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Sweet nothing, or lots of sugar: What the U.S. gets from its nonsensical sugar policies

Posted Nov. 29, 2013, at 6:16 a.m.

Federal policy coddles the U.S. sugar industry. The result is higher consumer prices — and fewer jobs in the U.S. food industry. Still, for many years Big Sugar could claim the program was designed to avoid any direct expenditure of taxpayer funds and that it had achieved that goal.

Not anymore. The Agriculture Department lost $280 million on the sugar program in fiscal year 2013, with more losses expected next year. An import surge from Mexico has driven down U.S. sugar prices — to the point where it’s profitable for processors to forfeit the sugar they posted as collateral for government loans and keep the cash. Stuck with mountains of excess sweetener, the government has two choices: hoard it until prices go up or sell it at a huge loss to the few ethanol makers willing to take it.

Even before this latest evidence of the sugar program’s irrationality, bipartisan critics in Congress had been trying to add reforms to the next five-year farm bill. They failed.

Big Sugar argues that ending U.S. sugar protections would be unilateral disarmament, since Mexico subsidizes its industry. That didn’t matter much as long as Mexico had to compete with other sugar exporters for an allotted quota of the U.S. market. But today, a provision of the North American Free Trade Agreement allows unlimited imports from Mexico. Now, the sugar lobby says, the United States should adopt a “zero-for-zero” policy: We’ll stop fiddling with the sugar market when everyone else in the world does the same.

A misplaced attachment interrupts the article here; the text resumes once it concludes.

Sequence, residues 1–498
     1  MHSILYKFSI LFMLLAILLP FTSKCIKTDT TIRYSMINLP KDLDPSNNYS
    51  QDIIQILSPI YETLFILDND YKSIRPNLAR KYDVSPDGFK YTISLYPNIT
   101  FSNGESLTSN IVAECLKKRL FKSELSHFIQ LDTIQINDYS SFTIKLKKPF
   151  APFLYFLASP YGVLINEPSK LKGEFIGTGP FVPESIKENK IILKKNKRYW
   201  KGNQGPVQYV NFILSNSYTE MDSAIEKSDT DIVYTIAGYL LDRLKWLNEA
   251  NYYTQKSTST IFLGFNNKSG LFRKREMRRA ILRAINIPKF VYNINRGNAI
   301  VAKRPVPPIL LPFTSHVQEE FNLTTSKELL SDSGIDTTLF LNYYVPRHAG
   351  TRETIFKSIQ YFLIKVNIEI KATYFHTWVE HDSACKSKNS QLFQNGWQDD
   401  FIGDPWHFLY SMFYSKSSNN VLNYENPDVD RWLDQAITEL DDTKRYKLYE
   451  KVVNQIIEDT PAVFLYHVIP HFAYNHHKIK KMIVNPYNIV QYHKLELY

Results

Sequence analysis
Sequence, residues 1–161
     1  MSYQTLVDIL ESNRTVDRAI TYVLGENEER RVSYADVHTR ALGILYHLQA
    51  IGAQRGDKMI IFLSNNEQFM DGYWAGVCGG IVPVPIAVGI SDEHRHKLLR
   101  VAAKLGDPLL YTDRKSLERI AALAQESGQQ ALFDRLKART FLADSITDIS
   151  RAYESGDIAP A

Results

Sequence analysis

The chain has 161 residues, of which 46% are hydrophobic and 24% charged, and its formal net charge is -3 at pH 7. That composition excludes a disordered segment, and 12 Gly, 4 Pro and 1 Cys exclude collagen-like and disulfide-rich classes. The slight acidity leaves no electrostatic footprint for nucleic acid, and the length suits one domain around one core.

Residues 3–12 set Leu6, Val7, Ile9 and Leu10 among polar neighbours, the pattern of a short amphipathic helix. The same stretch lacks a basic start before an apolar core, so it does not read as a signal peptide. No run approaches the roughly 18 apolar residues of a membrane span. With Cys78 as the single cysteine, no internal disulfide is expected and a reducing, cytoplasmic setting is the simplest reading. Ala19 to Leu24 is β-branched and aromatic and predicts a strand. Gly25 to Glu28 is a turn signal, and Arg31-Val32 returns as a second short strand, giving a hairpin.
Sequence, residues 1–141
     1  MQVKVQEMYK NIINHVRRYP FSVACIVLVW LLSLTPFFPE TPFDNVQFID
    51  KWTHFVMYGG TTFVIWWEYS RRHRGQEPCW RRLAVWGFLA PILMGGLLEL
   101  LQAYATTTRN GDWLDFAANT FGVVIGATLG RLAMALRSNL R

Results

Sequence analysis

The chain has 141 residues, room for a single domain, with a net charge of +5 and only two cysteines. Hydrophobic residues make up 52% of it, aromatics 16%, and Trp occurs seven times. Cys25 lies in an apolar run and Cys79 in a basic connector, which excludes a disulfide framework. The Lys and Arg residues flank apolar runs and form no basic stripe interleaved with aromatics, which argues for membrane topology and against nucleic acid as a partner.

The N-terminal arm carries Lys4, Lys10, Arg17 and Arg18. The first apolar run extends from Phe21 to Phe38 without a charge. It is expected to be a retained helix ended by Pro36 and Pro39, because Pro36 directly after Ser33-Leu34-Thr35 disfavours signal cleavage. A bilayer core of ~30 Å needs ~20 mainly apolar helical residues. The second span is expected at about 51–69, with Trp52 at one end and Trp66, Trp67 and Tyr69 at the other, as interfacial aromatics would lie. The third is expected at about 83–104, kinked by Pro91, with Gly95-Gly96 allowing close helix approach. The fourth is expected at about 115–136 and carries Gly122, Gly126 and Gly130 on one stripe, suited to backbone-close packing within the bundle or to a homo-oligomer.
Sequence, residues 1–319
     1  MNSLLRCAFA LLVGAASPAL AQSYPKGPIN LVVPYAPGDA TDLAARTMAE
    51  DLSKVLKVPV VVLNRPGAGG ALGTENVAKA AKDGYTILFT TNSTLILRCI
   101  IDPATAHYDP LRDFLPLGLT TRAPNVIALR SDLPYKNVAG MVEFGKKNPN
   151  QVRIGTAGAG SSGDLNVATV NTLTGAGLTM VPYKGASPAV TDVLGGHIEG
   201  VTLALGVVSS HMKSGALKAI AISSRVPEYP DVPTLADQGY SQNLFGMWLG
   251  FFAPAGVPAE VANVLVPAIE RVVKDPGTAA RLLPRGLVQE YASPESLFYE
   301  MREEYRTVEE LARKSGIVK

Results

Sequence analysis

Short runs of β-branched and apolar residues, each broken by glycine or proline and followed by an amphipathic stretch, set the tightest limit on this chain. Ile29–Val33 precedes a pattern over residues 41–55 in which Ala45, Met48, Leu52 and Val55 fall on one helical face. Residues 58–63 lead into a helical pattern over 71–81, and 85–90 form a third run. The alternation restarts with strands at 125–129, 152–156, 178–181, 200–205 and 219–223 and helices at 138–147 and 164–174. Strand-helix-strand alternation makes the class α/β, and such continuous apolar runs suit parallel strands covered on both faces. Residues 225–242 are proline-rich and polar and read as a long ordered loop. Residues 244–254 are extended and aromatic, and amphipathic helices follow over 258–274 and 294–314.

It sounds reasonable. Economics 101 says everyone would be better off if these controls were abolished.

Alas, Politics 101 says that’s not going to happen soon, so “zero-for-zero” amounts to perpetuating policies that benefit U.S. producers at the expense of food processors and consumers.

The Washington Post (Nov. 26)

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